Greek News Agenda – October 7, 2011

1. ROESLER ARRIVES Reforms in Greece must go ahead because that is the only way the country attract investment was the message delivered by German Economics Minister Philipp Roesler at a business reception late on Thursday in Athens. Roesler, who arrived in Athens some hours beforehand, is accompanied by a 60-strong delegation of business people. One of the key areas of cooperation that the minister is expected to look at is investment in solar energy. Greece offers almost twice as many sunshine hours as Germany, but its solar energy output is about 80 times smaller than Germany’s.

2. PUBLIC SECTOR PAY A bill on the uniform pay scale and the labour reserve measure for civil servants was tabled in parliament late on Thursday. The bill establishes a minimum public sector monthly salary of 780 euros and a maximum of 3,000 euros, which will be supplemented by up to seven types of benefits. It also states that all public sector employees who have completed 33 years of service by the year’s end will be placed on a special pre-pension status in 2012, during which they will be paid 60 percent of their basic salary.

3. MUNICIPAL WORKERS The mounds of uncollected rubbish in Athens and other cities are expected to grow even larger, following the decision of municipal workers to continue with sit-ins at landfill sites until October 11. This effectively means the shutting down of all municipal services for the third weekend running.

4. MISSING PENSIONERS About one in every ten citizens in receipt of an IKA state pension have failed to prove that they exist, under a pensioner census carried out during the summer. A total of 898,643 pensioners registered under the census, which required them to physically present themselves at a bank or IKA branch and present an ID card, while 109,421 failed to turn up. The census was called after several incidents of families drawing the pensions of deceased relatives were uncovered.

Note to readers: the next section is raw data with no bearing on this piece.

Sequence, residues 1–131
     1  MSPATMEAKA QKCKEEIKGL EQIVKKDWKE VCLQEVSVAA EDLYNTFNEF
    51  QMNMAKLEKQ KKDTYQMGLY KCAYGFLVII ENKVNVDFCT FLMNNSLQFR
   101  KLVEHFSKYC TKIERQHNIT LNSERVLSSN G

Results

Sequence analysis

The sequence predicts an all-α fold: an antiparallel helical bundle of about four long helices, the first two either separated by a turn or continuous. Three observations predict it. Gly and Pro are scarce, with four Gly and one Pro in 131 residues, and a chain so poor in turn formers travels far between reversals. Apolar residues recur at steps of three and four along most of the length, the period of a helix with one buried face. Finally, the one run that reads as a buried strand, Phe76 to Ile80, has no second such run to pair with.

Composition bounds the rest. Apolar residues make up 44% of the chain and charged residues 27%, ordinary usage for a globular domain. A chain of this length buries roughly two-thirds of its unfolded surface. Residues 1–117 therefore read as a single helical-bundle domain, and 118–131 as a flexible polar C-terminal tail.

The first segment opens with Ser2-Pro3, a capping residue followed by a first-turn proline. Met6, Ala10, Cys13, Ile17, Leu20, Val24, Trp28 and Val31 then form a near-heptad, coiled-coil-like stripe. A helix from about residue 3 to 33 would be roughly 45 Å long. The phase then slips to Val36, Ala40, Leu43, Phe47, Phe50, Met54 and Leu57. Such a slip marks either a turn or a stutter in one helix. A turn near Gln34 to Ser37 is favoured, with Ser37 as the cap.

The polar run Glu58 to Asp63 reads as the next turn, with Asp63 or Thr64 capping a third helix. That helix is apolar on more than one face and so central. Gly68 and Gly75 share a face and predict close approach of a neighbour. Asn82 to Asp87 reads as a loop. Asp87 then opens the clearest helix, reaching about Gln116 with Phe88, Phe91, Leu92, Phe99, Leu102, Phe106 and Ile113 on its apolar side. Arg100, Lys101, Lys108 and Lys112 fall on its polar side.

5. TROIKA TALKS One side says they’re over, the other says they’re not: On Thursday night, the government said that it has finalised talks with the visiting troika inspectors, a claim that was contradicted by a troika representative who said that the negotiations on the bailout were continuing. On Wednesday, troika official told Reuters that while the Greek aid tranche was likely to be agreed, the government had to do more to convince them that it can implement reforms.

6. EMERGENCY FUNDING The Bank of Greece, the county’s central bank, said on Thursday that it provided 6.42bn euros of emergency liquidity assistance to Greek lenders during August. It did not provide details on which banks made use of the facility.

7. HAIRCUT A leading German politician has said that private banks may need to provide an even greater write down on Greek debt than the 21 percent cut agreed under the July 21 summit. «Private banks have agreed to give up 21 percent of their Greek claims. It is possible that that will not be enough,» said Norbert Barthle, budget spokesman for Angela Merkel’s Christian Democrats (CDU).

8. DIGITALISATION The holdings of the valuable and rare archives and library of the Ecumenical Patriarchate in Istanbul will soon be digitalised and preserved under a programme that will be sponsored by OTE and Cosmote, it was announced on Thursday.

9. PUBLIC BICYCLES Athenians may soon be able to rent out bikes for trips around the city’s historic centre, mayor Yiorgos Kaminis announced on Thursday. Under a pilot scheme, bikes will be made available to hire at depots located on Dionysiou Areopagitou Street, at Thiseio and at the Athens cathedral.


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